Trauerkunst by Pavel Radchenko
It’s a blisteringly hot morning in Berlin Bergmannkiez. Pavel and I balance our coffees on a low fence while we reposition 3 stools to a more shadowy spot outside the coffee shop, creating a makeshift table between us. I lay down my phone with the voice recorder switched on which is just as well, as we’re already begun excitedly babbling about his project despite that he’s several yards away retrieving our coffees. Each time I meet him I’m infected by his ardour. We don’t do smalltalk, we dive straight in. You see Pavel has thought a lot about death – I mean, he literally has a PhD in it. His doctorate in philosophy from Heidelberg explored the social suppression of death. This may sound inherently macabre but Pavel is a cheerful chap. He laughs a lot and is incredibly affable. This is our second face-to-face meeting and yet I feel like we’re old friends.
I’ve come to meet him to see how his latest project, Trauerkunst (‘Grieving Art’) is coming along. The project is about taking everyday objects from a departed loved one, to create a cathartic work of art. The project aims to accompany people through a creative grieving process to help them tackle their grief and deal with the loss by taking old and ordinary things and creating something new and remarkable with them.
Art has followed Pavel his whole life. A true product of both his parents – his mother was an artist and his father an academic – he felt he couldn’t just sit around and think, but needed to be making something. Back in 2012 while he was writing his doctorate he decided he wanted to become a screenplay writer. He created a love story where a man helps a young mother grieving for the loss of her child through art. She can’t bare to clear out the child’s bedroom and won’t let go of any of the child’s possessions. This man helps her to make art of remnants and helps her to find closure. The screenplay was never finished, but rather Pavel became his own main protagonist.
Transcription of video in English:
This is my Grandmother. who died when I was 20 and I never really had the time to say goodbye to her properly. What did she leave behind? Which memories do I have of her? A spool of pink thread – rosy-pink and purple, those were her colours. A box of buttons. A sewing machine. My Grandma loved to sew. I loved to watch her. Somehow the quiet rhythmical click-clack on the sewing machine calmed me. She stitched me a secure childhood, soothed and provided for me. And while my parents worked, she taught me to read. She taught me to write and to count. She sewed me a rosy childhood, free from cares or worries. When loved ones die they leave much behind them. Things, that we’ll always connect with them. Don’t throw them away, make them into art. I’ll help you.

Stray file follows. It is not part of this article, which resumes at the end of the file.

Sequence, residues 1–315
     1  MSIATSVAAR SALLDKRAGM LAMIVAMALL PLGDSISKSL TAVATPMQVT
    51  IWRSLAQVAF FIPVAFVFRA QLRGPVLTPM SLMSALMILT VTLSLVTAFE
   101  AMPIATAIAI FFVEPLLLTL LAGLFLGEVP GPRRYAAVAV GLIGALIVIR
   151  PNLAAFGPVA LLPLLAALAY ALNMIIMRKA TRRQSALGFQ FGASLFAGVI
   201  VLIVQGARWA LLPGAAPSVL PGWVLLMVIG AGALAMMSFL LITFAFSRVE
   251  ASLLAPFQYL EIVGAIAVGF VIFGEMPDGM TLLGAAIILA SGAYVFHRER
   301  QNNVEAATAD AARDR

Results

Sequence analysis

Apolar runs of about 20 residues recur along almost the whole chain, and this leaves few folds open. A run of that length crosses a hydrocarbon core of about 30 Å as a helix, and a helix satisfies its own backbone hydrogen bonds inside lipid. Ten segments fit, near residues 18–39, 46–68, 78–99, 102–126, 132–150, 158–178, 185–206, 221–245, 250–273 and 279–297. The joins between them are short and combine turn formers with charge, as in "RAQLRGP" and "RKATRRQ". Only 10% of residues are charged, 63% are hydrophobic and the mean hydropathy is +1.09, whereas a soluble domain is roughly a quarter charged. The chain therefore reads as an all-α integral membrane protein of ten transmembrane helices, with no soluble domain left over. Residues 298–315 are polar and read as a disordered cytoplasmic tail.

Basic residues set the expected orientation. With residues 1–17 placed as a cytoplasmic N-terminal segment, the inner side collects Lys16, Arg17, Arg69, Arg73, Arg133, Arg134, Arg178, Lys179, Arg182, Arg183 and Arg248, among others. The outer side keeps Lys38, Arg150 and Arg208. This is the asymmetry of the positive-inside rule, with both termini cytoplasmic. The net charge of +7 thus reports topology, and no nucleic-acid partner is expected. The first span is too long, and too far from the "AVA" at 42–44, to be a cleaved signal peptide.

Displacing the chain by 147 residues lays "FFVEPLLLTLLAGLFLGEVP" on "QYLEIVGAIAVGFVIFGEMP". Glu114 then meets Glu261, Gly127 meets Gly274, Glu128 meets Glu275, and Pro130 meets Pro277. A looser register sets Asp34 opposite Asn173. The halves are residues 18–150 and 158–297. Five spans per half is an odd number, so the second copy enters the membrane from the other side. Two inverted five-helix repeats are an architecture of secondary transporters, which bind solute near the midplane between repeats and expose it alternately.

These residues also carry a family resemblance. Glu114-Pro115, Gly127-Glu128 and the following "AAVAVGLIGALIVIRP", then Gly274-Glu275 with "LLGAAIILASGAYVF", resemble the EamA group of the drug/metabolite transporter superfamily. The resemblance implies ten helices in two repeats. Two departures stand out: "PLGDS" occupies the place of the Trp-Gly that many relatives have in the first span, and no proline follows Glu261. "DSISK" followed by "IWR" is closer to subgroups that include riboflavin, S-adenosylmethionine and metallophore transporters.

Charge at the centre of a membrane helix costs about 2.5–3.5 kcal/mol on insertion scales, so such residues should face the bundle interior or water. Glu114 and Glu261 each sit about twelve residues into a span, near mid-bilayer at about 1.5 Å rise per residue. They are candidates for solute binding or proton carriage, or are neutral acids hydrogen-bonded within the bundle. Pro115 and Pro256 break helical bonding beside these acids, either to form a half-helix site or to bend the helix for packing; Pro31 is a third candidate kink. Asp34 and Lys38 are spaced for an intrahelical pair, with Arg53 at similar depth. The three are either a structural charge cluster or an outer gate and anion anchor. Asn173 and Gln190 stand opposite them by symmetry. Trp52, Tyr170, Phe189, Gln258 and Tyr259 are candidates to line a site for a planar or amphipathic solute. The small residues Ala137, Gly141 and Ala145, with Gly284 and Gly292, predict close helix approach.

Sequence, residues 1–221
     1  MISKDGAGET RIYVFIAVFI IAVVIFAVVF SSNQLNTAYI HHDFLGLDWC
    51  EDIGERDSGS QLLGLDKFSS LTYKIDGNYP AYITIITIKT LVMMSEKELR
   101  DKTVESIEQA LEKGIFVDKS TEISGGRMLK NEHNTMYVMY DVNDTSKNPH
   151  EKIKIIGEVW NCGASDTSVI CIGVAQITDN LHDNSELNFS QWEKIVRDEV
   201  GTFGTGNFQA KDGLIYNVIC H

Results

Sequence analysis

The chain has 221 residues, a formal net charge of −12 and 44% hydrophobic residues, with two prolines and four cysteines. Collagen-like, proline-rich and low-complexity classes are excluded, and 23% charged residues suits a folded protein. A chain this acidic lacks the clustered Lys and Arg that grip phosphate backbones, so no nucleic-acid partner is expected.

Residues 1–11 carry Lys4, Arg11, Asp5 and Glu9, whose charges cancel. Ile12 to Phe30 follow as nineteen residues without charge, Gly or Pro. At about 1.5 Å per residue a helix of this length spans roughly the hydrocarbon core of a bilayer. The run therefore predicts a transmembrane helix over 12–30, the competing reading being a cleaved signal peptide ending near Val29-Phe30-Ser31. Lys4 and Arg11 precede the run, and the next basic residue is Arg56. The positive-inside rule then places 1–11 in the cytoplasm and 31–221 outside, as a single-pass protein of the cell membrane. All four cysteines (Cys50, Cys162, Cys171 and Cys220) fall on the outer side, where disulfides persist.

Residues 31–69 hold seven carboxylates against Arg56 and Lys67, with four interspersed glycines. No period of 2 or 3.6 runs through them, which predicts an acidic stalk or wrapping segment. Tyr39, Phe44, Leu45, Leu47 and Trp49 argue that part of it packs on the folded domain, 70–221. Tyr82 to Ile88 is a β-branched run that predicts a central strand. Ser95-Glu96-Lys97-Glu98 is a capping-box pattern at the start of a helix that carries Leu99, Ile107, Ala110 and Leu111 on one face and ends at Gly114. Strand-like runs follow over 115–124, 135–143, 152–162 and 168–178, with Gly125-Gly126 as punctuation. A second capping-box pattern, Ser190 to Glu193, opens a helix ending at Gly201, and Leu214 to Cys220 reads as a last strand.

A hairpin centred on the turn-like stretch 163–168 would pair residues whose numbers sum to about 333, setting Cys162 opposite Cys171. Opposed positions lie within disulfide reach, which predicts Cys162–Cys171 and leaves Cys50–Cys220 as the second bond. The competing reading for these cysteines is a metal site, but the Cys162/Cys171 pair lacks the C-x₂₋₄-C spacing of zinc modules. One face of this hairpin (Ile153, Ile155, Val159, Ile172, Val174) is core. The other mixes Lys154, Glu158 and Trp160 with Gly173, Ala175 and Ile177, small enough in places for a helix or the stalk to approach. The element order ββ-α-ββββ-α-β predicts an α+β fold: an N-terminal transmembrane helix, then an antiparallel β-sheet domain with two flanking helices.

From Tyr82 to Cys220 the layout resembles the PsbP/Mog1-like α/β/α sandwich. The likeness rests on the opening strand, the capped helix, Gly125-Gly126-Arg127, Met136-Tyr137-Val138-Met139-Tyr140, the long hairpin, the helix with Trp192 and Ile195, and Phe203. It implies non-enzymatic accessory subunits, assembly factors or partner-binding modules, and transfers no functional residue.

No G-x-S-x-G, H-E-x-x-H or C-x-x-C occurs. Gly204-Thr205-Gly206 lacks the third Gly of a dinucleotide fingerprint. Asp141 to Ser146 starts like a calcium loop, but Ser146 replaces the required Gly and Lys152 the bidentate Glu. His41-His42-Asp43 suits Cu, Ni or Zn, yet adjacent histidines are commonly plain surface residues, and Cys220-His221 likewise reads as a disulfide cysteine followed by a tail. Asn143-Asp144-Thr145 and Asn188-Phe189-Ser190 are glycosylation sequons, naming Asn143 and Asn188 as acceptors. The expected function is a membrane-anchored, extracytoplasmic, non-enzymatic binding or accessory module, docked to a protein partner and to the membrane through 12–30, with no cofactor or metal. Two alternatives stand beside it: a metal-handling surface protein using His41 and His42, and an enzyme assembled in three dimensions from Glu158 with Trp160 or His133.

Pavel lost his grandmother shortly after finishing school in 2000. It all happened quite quickly. He was 20, busy with his exams and didn’t take the time to say goodbye. As creative ideas often operate, loose strings from different times in life bind themselves together, and years later he came across an old sewing machine on the street.
“It made me think of her instantly and it made me want to finally make this project a reality. If I am to help others to make an art work, I need to first show them how it could work and what it could look like. Before I promise somebody something I need to show them how I would deal with it personally. So I started. I took the sewing machine apart and I experimented a lot and made a lot of variations. It was much more difficult that I thought it would be. Depending on how I arranged the elements there was a different interpretation of her.”
Pavel describes to me how in one of the early drafts he played around with thread and was quite horrified that the result seemed like he had bound his grandmother tightly away. Another draft involved a drawer where he felt that he was shutting her out.
“It didn’t sit well with me, but then I thought, maybe I’m representing something on a subconscious level. She was quite a reserved person and there were things she didn’t talk about. But it still wasn’t the lasting interpretation I wanted to have of her.”
Later, he found colourful magnetic alphabet letters in his son’s toys, and again found memories of her teaching him to read came flooding to his mind. He incorporated them into the piece and finally he felt that this version really represented the relationship he had with his grandmother.
Far from seeing these iterations as failed attempts he sees them as an integral part of the process – the creative process as well as the grieving process. Each iteration is a new dialogue where something new comes to light. In thinking about how to we want to represent and honour a person, we must reflect on our relationship with them. This fits well with Freud’s psychoanalysis of loss, in which he noted a phenomenon in the mourning process where we shuffle and reshuffle our loved one’s image, allowing us to review our feelings, both conscious and unconscious to gradually withdraw our invested energy from the person who has gone.